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Common Alternative Therapies: Lactobacillus Acidophilus


GMHC Treatment Issues 1993/94 Winter; 7(11/12): 19

Lactobacillus acidophilus (L. acidophilus) is the most well known of a type of acidophilus bacteria (bacteria attracted to acid). It has been suggested that L. acidophilus is a beneficial or so-called "friendly" bacteria which provides an important function in the body. Live cultures of L. acidophilus can be found in a number of brands of yogurt or acidophilus milk and in the form of powders, capsules, tablets and liquids which are available in health food stores. L. acidophilus is measured by the amount of viable bacteria per dosage (in the millions).

Test tube studies have shown that L. acidophilus can inhibit the growth of candida albicans (candidiasis ), the fungus associated with "thrush" in the mouth, esophagus or vagina.[1] Varying levels of success have been reported using yogurt and L. acidophillus as a treatment for vaginal candidiasis.[2, 3] A study conducted by researchers at Long Island Jewish Hospital and published in the Annals of Internal Medicine, reported that women with recurrent vaginal candidiasis who consumed eight ounces a day of yogurt high in L. acidophilus had a threefold reduction in number of candida infections and laboratory measured candida colonizations.[4] The authors of this report also noted that a number of dairy products did not contain the L. acidophilus that had been advertised on the label.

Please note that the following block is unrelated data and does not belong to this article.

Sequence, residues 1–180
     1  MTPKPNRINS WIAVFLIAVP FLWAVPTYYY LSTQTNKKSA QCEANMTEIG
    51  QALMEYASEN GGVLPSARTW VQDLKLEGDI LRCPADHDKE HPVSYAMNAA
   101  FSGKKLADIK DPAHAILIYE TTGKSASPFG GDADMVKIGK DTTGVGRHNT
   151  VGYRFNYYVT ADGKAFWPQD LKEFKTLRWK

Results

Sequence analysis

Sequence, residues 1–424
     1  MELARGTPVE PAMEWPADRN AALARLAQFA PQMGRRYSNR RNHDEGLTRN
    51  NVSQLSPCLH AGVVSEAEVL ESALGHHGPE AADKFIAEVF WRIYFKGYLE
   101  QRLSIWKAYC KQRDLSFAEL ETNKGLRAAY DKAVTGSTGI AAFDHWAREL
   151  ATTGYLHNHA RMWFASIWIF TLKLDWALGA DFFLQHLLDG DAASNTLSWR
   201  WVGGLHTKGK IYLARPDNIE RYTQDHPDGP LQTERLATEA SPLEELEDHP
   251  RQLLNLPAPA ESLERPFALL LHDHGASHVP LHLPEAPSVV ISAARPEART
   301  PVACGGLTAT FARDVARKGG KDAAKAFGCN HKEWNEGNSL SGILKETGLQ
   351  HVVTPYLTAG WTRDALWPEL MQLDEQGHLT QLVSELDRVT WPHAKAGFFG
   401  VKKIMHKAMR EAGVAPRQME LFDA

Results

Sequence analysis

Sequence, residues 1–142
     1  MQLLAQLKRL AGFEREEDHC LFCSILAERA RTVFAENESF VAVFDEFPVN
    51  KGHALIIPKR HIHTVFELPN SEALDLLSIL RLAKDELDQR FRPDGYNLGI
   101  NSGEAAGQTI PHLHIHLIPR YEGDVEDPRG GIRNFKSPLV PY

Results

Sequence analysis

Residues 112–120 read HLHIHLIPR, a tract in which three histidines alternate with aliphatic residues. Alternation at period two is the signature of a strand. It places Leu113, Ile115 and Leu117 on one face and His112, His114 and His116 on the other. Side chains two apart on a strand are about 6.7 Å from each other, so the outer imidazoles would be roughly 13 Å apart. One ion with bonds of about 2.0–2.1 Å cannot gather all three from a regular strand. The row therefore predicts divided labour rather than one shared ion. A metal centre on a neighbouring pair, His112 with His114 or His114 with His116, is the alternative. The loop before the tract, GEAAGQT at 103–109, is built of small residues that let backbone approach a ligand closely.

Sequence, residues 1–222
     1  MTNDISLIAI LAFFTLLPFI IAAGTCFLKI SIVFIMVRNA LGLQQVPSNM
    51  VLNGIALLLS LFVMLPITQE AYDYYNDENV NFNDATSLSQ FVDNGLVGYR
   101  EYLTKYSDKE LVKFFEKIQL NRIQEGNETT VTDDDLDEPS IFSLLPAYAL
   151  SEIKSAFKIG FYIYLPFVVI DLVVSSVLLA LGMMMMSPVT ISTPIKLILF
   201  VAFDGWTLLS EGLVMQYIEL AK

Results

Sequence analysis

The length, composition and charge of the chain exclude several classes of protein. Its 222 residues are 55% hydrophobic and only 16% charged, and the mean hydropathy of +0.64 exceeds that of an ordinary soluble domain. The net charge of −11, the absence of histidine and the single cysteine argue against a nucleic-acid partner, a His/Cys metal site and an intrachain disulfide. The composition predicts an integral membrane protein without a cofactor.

Some suggest the use of L. acidiphilus to reimplant friendly bacteria into the gastrointestinal system. A number of physicians routinely suggest that patients undergoing antiobiotic therapy, consume eight ounces per day of yogurt with L. acidophilus. It has also been suggested, based on test tube studies that L. acidophilus may have potential antiobiotic effects of its own.[5] There have been no reports of L. acidophilus related toxicities; however, it is unknown whether the compound has any effects on the absorption of anti-biotic medication.

1. Isenberg HD et al. Factors Leading to overt monilial disease II: retardation of growth of canidida albicans by metabolic end products of intestinal bacteria. Antimicrobial Agents Annual. New York. Plenum Press. 1960.570-5.

2. Will TE. The Lancet. 1979; 2:482.

3. Sandler B The Lancet. 1979; 2:791-2.

4. Hilton E, et al. Annals of Internal Medicine,.1992; 116:353-357.

5. Friend BA, et al. Journal of Applied Nutrition. 1984. 36:125-153


Copyright © 1993 -Gay Men's Health Crisis, Publisher. All rights reserved to Gay Men's Health Crisis (GMHC) Treatment Issues. Reproduced with permission. Treatment Issues is published twelve times yearly by GMHC, INC. Noncommercial reproduction is encouraged. Subscription lists are kept confidential. GMHC Treatment Issues, The Tisch Building, 119 West 24th Street, New York, NY 10011 Email GMHC. Visit GMHC

Information in this article was accurate in December 1, 1993. The state of the art may have changed since the publication date. This material is designed to support, not replace, the relationship that exists between you and your doctor. Always discuss treatment options with a doctor who specializes in treating HIV.